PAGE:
It all begins on Christmas morning, 1978. Dan Kennedy is ten years old and wants a black Gibson Les Paul guitar, the kind Peter Frampton plays. It will be his passport to the coolest (only) band in the neighborhood—Jokerz. He doesn’t get it. ...
17;t get it. Instead, his parents present him with what they think he wants most, a real-estate loan calculator (called the Loan Arranger) and a maroon velour pullover shirt with a tan stripe across the chest. It is the first of what will become a lifetime of various-sized failures, misunderstandings, comical humiliations, and just plain silly choices that have dogged this “hipster Proust of youthful loserdom,” as author Jerry Stahl has so eloquently called Mr. Kennedy.
Dan’s hilarious and painfully awkward youth soon develops into a . . . uh . . . hilarious and painfully awkward adulthood. His first two choices for university are Yale (Lit or Drama) and Harvard (Business), so he reviews his high school transcripts and decides on Butte Community College in Oroville, California, where he studies for about four and a half weeks. We could go on here and describe in detail all of Dan’s good-natured stabs at ambition, but he, himself, sums it all up quite nicely: “If you’ve ever tried and failed miserably at being a rock star (no guitar/talent), a professional bass fisherman, an extra in the movie Sleepless in Seattle (guy drinking martini in bar while Tom Hanks makes a phone call), a Madison Avenue advertising executive, a clerk/towel person at a suburban health club (named Kangaroo Kourts), an espresso street-cart owner and operator (in the one neighborhood of that coffee-swilling town, Seattle, where, remarkably, no one really seems to drink coffee), a dot.com millionaire, an MTV VJ, or a forest fire fighter, this book is for you.”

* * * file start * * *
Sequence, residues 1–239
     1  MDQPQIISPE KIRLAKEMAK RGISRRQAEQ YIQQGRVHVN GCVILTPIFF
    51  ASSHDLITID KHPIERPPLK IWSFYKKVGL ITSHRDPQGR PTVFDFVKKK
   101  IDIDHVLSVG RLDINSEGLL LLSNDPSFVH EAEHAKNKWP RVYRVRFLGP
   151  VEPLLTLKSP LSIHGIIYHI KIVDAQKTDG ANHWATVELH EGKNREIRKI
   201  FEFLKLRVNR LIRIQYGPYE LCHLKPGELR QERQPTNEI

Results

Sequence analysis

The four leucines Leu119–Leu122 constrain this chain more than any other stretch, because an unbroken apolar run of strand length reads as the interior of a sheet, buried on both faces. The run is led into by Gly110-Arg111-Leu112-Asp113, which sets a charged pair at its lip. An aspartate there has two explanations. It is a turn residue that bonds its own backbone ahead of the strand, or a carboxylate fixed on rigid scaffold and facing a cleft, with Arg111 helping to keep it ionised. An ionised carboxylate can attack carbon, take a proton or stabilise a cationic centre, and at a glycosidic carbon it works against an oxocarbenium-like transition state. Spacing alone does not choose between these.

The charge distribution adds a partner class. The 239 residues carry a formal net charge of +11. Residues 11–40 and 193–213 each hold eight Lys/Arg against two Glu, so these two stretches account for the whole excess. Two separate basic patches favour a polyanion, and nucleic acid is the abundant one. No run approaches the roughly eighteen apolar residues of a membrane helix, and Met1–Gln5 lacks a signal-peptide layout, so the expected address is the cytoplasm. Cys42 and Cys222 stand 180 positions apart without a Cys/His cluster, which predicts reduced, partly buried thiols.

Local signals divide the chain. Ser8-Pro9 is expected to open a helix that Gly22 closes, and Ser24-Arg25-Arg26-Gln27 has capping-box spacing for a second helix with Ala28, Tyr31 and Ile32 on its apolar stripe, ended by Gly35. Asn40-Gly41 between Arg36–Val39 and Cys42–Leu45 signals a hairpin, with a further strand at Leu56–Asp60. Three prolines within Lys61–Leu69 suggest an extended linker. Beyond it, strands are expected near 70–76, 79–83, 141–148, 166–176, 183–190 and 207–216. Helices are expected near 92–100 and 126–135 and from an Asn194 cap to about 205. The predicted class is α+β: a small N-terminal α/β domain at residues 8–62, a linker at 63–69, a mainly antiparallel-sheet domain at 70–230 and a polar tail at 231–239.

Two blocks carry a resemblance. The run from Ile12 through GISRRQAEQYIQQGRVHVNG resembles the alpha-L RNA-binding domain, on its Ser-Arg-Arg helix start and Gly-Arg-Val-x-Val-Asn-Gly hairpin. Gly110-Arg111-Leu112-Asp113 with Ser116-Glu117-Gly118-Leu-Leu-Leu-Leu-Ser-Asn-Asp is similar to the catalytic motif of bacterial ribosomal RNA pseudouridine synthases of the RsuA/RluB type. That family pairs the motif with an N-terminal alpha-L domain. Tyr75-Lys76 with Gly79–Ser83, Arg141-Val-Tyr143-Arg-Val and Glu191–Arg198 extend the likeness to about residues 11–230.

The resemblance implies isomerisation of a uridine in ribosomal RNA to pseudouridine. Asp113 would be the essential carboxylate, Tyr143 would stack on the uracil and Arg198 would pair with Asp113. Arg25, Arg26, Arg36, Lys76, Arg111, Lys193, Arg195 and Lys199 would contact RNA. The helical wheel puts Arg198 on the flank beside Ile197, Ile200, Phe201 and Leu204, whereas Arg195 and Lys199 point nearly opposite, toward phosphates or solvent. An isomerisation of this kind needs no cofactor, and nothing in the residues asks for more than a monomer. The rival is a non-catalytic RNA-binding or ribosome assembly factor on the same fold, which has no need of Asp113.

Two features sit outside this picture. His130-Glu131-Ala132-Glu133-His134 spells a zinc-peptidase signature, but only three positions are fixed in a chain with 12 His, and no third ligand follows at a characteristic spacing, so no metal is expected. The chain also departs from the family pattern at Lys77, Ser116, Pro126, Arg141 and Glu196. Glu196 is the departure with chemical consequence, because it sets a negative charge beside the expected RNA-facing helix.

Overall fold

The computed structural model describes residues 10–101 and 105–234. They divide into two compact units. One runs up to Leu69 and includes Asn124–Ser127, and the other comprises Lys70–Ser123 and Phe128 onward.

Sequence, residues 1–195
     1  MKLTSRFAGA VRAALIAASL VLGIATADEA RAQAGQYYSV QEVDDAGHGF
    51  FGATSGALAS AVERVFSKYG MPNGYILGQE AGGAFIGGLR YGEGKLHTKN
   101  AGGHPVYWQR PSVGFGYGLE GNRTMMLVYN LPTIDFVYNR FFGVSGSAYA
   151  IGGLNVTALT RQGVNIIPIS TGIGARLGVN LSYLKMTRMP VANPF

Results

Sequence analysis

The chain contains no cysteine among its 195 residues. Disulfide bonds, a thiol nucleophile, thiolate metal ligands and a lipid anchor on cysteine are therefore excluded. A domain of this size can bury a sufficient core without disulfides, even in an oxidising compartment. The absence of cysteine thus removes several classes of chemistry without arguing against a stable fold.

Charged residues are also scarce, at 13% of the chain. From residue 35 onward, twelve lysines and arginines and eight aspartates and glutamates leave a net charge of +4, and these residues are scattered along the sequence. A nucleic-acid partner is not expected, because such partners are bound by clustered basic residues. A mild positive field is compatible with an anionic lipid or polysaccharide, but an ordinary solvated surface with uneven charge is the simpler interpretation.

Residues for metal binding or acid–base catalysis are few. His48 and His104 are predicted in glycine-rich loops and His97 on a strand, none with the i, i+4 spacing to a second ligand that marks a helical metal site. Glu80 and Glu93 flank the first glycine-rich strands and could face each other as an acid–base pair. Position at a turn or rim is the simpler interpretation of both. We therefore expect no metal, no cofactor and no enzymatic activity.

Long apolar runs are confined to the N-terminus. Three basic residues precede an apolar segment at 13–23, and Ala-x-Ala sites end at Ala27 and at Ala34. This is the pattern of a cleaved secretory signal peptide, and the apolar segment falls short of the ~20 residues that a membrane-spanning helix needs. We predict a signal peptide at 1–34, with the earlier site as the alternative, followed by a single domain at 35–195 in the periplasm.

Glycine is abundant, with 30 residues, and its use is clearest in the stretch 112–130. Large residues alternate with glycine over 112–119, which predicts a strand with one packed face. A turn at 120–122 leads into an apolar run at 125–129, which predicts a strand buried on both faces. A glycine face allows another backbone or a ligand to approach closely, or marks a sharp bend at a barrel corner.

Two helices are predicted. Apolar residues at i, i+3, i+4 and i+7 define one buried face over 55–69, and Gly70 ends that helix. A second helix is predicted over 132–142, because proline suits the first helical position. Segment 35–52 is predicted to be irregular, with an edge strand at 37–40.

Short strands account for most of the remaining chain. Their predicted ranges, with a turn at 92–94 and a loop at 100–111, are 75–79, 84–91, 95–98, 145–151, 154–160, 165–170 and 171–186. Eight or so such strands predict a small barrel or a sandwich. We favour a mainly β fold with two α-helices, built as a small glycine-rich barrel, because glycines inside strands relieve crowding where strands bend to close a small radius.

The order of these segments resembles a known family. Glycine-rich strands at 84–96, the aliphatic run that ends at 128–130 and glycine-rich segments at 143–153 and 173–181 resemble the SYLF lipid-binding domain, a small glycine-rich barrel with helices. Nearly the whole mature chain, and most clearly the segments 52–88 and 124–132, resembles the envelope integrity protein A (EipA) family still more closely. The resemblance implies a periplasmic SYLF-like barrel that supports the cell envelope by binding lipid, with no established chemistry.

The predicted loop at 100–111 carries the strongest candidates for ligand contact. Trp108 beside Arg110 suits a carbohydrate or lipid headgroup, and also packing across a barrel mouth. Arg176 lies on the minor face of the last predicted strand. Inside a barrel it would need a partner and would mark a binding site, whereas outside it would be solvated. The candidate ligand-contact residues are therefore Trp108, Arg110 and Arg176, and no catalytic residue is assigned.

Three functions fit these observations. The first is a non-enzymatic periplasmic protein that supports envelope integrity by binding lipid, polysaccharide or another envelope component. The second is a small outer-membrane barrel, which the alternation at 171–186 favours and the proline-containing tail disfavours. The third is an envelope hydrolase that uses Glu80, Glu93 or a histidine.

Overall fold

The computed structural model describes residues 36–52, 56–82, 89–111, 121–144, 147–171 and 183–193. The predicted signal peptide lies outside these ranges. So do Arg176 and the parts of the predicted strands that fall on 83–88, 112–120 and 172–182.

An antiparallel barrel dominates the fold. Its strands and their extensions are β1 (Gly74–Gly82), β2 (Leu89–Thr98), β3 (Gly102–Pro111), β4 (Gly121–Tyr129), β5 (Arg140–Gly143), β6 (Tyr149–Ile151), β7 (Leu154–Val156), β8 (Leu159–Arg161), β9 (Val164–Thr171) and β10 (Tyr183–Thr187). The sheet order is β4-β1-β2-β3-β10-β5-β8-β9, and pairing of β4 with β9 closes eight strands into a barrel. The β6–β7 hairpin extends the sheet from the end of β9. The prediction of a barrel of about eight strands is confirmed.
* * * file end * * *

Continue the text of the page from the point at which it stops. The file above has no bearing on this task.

Along the way, a few lessons are learned and we are treated to one of the most original, riotously funny, unsentimental, and offbeat memoirs in recent history. Dan’s a favorite in McSweeney’s and at the very popular Moth readings in New York City. We should be happy that he failed so miserably at so many things—and took notes!